In the textile industry, consumer protection plays an important role. Product labels, such as the Oeko-Tex® Standard 100, are an important mark of quality and often a decisive purchasing factor. But to qualify for this desirable certification, manufacturers must produce all components of their products according to the required criteria and ensure compliance with the prescribed limits.
When purchasing clothing many consumers look for textiles that have been tested for evidence of harmful substances. The product label "Confidence in Textiles - Tested for harmful substances according to Oeko-Tex® Standard 100" is an independent, globally uniform certification system for textiles of all kinds (more information: www.oeko-tex.com).
To be certified according to the Oeko-Tex® Standard 100, all parts of the article must meet the required criteria: for example, in clothing, besides the outer fabric, also sewing threads, zippers, buttons, rivets and other notions and appliqués. For precise analysis of pollutants such as Pb, Cd, Cu, Cr, Ni etc., the non-destructive X-ray fluorescence (XRF) method is ideal. Using this method, it is possible to detect even the smallest concentrations of prohibited or restricted substances in a sample.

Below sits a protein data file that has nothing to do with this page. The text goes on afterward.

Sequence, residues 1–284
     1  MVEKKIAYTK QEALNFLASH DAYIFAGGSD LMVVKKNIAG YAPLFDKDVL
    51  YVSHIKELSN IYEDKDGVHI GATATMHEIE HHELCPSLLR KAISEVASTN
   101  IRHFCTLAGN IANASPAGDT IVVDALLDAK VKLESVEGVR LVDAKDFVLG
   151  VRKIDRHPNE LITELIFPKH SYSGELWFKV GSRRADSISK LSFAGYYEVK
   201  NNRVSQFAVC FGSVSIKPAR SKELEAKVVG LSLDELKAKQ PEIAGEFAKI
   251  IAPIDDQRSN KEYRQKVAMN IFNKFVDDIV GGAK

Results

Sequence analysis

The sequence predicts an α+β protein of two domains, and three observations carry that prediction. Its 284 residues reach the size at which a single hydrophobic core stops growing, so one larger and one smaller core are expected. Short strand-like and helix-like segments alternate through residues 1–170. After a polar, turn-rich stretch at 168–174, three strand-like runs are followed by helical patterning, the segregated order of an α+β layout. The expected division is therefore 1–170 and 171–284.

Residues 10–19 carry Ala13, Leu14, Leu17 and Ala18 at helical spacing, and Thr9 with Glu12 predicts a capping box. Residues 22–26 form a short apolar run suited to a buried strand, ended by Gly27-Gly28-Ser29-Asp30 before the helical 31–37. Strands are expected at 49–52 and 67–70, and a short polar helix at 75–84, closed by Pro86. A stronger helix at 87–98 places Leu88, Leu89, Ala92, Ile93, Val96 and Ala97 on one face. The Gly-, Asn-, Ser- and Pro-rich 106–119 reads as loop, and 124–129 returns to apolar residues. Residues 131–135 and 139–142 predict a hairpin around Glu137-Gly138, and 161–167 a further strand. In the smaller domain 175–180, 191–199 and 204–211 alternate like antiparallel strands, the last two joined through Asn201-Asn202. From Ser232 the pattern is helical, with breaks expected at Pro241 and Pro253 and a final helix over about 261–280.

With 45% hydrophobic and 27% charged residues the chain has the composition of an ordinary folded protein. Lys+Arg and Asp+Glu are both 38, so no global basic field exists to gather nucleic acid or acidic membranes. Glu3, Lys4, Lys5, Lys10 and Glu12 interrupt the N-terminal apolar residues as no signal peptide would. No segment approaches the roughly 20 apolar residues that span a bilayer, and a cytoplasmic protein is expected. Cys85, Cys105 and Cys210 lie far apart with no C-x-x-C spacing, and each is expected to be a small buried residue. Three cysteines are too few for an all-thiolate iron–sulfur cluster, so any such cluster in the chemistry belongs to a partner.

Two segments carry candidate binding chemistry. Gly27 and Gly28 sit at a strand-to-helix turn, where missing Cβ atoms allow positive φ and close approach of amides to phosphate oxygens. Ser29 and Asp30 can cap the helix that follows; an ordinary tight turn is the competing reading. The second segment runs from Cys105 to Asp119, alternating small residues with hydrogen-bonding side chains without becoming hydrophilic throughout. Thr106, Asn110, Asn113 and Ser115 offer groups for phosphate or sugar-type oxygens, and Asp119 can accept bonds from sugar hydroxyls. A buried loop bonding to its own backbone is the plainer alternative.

The FISCHERSCOPE® X-RAY XDV®-SDD provides an extremely precise measuring system for determining even the slightest traces of banned substances. Fibres and fabrics, whole bobbins of thread or yarn, and even appliqués made of plastic, glass or metal can be checked quickly and easily.
The scope and requirements of Oeko-Tex® testing depend on the intended use of a textile product – the more intensive the skin contact, the stricter the limits. Correspondingly, there are four product classes:
I – Garments and toys for babies and kids under three
II – Fabrics worn directly against the skin
III – Fabrics with little or no direct skin contact
IV – Notions and other decorative materials